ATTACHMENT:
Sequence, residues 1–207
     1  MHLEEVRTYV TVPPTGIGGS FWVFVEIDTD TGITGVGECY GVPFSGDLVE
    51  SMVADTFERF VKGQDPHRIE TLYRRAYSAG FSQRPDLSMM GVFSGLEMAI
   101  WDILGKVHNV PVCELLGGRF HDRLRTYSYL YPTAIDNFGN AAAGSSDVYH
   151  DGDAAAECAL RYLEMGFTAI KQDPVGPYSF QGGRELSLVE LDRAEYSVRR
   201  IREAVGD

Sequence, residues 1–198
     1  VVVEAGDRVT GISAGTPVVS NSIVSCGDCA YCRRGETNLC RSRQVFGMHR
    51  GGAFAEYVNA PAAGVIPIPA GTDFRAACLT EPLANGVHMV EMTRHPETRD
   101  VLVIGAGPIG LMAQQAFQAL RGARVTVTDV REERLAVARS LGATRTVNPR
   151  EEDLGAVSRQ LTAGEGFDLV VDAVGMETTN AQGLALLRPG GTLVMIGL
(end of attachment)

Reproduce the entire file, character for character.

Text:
Sequence, residues 1–207
     1  MHLEEVRTYV TVPPTGIGGS FWVFVEIDTD TGITGVGECY GVPFSGDLVE
    51  SMVADTFERF VKGQDPHRIE TLYRRAYSAG FSQRPDLSMM GVFSGLEMAI
   101  WDILGKVHNV PVCELLGGRF HDRLRTYSYL YPTAIDNFGN AAAGSSDVYH
   151  DGDAAAECAL RYLEMGFTAI KQDPVGPYSF QGGRELSLVE LDRAEYSVRR
   201  IREAVGD

Sequence, residues 1–198
     1  VVVEAGDRVT GISAGTPVVS NSIVSCGDCA YCRRGETNLC RSRQVFGMHR
    51  GGAFAEYVNA PAAGVIPIPA GTDFRAACLT EPLANGVHMV EMTRHPETRD
   101  VLVIGAGPIG LMAQQAFQAL RGARVTVTDV REERLAVARS LGATRTVNPR
   151  EEDLGAVSRQ LTAGEGFDLV VDAVGMETTN AQGLALLRPG GTLVMIGL